Customers ask us all the time: does it still make sense to print that brochure? After all, we have communication migrating online – and a near unlimited range of tools to do so. Plus, personalized, one-on-one communication is increasingly crowding out the traditional one-to-many tools. And then there are the printing costs…. Still, the answer can be a definite “yes”. Brochures, flyers or fact sheets remain a great way for organizations to communicate with their customers … in the right circumstances.
Still, it is a question worth asking. Brochures, for example, are often a legacy tool. Companies produce them because they have always done so when rolling out a new product. Or simply because that’s what everybody in the industry does. That alone is obviously not a good reason to continue the practice, and companies have to assess whether print is still worth the cost.
The benefits of print
A well-made brochure is a thing of beauty. Copy, images, format and paper work together to inform and seduce. They are handy to pass around, for example by salespeople starting a conversation, and are useful tools for comparison. Paper is a physical presence that has some benefits a website can’t match. When looking at a brochure, a reader’s attention isn’t diverted by incoming chat messages or the other distractions a computer offers. In addition, they last longer than a shared link and are often easier to find.
An email with a link to a website will get lost in the flood of incoming messages, even if it is marked as “Important” or “High Priority.” A brochure handed from one colleague or another or from a salesperson to a potential customer won’t.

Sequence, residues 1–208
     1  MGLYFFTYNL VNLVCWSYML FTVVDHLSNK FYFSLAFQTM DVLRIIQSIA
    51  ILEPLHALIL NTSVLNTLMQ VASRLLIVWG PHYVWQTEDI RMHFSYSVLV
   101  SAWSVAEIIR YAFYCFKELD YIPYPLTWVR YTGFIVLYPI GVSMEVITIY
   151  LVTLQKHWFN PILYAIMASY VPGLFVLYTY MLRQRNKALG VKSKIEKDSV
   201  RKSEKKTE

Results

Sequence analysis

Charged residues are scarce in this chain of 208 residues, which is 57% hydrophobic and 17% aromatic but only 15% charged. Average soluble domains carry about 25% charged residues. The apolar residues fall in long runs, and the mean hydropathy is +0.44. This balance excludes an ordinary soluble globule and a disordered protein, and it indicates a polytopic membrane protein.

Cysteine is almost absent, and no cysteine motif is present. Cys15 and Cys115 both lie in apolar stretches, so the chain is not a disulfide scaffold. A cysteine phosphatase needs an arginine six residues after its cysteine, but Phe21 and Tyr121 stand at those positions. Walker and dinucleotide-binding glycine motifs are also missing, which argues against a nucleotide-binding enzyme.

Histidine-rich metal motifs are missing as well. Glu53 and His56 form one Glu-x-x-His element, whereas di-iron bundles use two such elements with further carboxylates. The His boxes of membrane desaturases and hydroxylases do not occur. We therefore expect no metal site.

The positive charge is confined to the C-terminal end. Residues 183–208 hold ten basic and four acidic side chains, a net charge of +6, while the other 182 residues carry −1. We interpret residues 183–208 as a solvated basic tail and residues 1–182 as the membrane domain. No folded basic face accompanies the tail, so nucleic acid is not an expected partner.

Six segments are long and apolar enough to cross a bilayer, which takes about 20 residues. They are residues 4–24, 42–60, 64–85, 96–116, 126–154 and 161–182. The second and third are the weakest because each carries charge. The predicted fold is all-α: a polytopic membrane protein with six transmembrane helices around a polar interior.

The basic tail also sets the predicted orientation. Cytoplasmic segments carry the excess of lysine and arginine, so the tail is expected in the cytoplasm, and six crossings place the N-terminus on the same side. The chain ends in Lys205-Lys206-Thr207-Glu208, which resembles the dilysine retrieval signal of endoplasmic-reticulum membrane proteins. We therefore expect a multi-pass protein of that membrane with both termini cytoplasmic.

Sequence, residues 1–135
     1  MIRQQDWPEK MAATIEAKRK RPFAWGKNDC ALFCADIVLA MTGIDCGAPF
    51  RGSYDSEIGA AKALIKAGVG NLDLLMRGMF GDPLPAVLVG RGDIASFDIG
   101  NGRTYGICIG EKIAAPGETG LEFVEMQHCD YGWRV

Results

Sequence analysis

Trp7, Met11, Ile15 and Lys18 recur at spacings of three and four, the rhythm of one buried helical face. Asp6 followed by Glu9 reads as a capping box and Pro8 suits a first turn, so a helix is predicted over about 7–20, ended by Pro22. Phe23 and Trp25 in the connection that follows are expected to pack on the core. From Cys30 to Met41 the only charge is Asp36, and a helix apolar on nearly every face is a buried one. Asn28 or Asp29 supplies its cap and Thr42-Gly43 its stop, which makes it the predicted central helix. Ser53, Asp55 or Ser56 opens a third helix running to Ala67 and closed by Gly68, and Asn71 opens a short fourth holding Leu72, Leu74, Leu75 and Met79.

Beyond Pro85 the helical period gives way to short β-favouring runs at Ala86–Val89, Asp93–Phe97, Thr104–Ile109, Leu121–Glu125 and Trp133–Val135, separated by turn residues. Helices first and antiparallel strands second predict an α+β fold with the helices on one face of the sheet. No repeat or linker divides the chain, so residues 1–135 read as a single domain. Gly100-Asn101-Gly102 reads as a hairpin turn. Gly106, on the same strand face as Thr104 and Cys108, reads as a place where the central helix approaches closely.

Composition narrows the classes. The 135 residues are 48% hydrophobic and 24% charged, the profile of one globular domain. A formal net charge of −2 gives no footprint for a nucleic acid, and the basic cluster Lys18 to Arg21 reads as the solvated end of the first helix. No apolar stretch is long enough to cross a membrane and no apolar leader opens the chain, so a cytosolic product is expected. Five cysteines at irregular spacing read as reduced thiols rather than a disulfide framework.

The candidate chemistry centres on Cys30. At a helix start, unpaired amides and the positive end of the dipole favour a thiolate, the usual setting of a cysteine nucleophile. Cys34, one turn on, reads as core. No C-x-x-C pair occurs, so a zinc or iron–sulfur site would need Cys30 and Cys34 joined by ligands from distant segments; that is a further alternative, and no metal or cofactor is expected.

Different Audiences, Different Preferences
Still, brochures are probably the wrong tool for a hip online startup trying to sell a new product to millennials across the globe. In that case, anything on paper will probably be ineffective.
But not everybody is an Internet-savvy computer wizard who appreciates all of the bells and whistles of an amazing website or social media platform. There are still a lot of people who are much more old school. Due to their age and seniority, they are often in decision-making positions. They still like to use brochures in their decision-making process and appreciate a handy, well-made print product.
Geographic and cultural differences come into play too. Some countries, or even regions, have gone fast and far in the digital conversion. Other have held on to the tools they know and trust.
Brochures and branding
“Touch” is an important keyword when building a brand. Sure, appealing to customers with audiovisuals is important, but brands become richer if they involve all the senses. Haptics matter.
Just think back to a time you picked up a wooden or metal object and were surprised because it weighed more than you anticipated. You could immediately sense that the materials were of a higher quality than you expected.
That’s why a good brochure still works. It tells people something more than the information it contains right from the moment they pick it up. And it’s not just the paper that is used but also the quality of the print, the images and its contents.
Brochures done right
As with everything, getting it right is key. A poorly made brochure filled with factual or grammatical errors is going to leave a terrible impression. Authenticity is one of our six criteria of outstanding communication and that is a key factor here. To do a great brochure, everything has to fit. Even something as seemingly minor as a stock photo can make the entire product appear “off” somehow. Relevance also matters. Readers want to see themselves, their needs, their aspirations and goals in a brochure. A self-indulgent long read will be discarded in 20 seconds.
So does it still make sense to use old school paper products? Sure, but only if you are willing to do it right – and we can help you with that.